The canonical way to select a device in the runtime API is using
cudaSetDevice. That will configure the runtime to perform lazy context establishment on the nominated device. Prior to CUDA 4.0, this call didn't actually establish a context, it just told the runtime which GPU to try and use. Since CUDA 4.0, this call will establish a context on the nominated GPU at the time of calling. There is also
cudaChooseDevice, which will select amongst available devices to find one which matches criteria supplied by the caller.
You can enumerate the available GPUs on a system with
cudaGetDeviceCount, and retrieve their particulars using
cudaGetDeviceProperties. The SDK deviceQuery example shows full details of how to do this.
You may need to be careful, however, on how you select GPUs in a multi-GPU system, depending on the host and driver configuration. In both the Linux and the Windows TCC driver, there exists the option for GPUs to be marked "compute exculsive", meaning that the driver will limit each GPU to one active context at a time, or compute prohibited, meaning that no CUDA program can establish a context on that device. If your code attempts to establish a context on a compute prohibited device, or on a compute exclusive device which is in use, the result will be an invalid device error. In a multiple GPU system where the policy is to use compute exclusivity, the correct approach is not to try and select a particular GPU, but simply to allow lazy context establishment to happen implicitly. The driver will automagically select a free GPU for your code to run. The compute mode status of any device can be checked by reading the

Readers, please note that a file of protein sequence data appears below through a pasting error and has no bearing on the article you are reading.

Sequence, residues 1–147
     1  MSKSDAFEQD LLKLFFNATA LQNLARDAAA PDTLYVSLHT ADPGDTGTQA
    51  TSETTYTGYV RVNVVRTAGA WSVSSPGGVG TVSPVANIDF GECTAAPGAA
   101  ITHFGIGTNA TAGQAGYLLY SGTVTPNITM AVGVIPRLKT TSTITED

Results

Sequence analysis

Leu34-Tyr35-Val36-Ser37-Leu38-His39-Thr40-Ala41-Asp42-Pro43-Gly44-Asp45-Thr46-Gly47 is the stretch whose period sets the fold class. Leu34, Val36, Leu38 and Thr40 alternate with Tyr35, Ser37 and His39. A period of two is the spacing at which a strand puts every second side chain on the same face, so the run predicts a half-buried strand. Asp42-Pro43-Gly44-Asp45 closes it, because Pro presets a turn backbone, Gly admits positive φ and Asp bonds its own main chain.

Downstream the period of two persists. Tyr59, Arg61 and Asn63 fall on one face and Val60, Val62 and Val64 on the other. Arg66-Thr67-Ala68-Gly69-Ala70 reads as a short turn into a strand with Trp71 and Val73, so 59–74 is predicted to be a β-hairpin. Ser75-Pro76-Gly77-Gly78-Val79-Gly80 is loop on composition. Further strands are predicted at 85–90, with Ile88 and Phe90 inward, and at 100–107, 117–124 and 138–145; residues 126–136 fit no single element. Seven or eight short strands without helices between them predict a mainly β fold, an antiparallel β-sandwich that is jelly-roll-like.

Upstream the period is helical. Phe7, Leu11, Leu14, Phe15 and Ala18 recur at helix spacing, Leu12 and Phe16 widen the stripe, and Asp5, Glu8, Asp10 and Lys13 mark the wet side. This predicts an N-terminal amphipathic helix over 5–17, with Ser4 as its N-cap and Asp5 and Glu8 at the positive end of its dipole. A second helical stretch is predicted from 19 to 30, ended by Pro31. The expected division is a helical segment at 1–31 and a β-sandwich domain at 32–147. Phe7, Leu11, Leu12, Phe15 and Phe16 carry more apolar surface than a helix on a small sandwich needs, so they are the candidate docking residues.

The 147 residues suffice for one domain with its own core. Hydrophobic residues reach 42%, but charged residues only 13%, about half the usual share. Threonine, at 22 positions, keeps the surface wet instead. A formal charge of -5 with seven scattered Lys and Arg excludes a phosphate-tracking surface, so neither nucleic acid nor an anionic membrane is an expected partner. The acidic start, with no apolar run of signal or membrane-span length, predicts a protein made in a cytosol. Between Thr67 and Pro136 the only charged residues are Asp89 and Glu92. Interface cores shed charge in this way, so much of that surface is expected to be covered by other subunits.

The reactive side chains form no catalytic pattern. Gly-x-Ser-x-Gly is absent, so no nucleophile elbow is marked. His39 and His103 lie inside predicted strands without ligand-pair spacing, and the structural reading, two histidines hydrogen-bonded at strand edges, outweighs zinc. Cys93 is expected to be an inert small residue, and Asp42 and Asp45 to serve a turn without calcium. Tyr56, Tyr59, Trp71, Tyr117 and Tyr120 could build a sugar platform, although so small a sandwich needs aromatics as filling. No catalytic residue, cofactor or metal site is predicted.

cudaDeviceProp.computeMode field using the
cudaGetDeviceProperties call. Note that you are free to check unavailable or prohibited GPUs and query their properties, but any operation which would require context establishment will fail.
See the runtime API documentation on all of these calls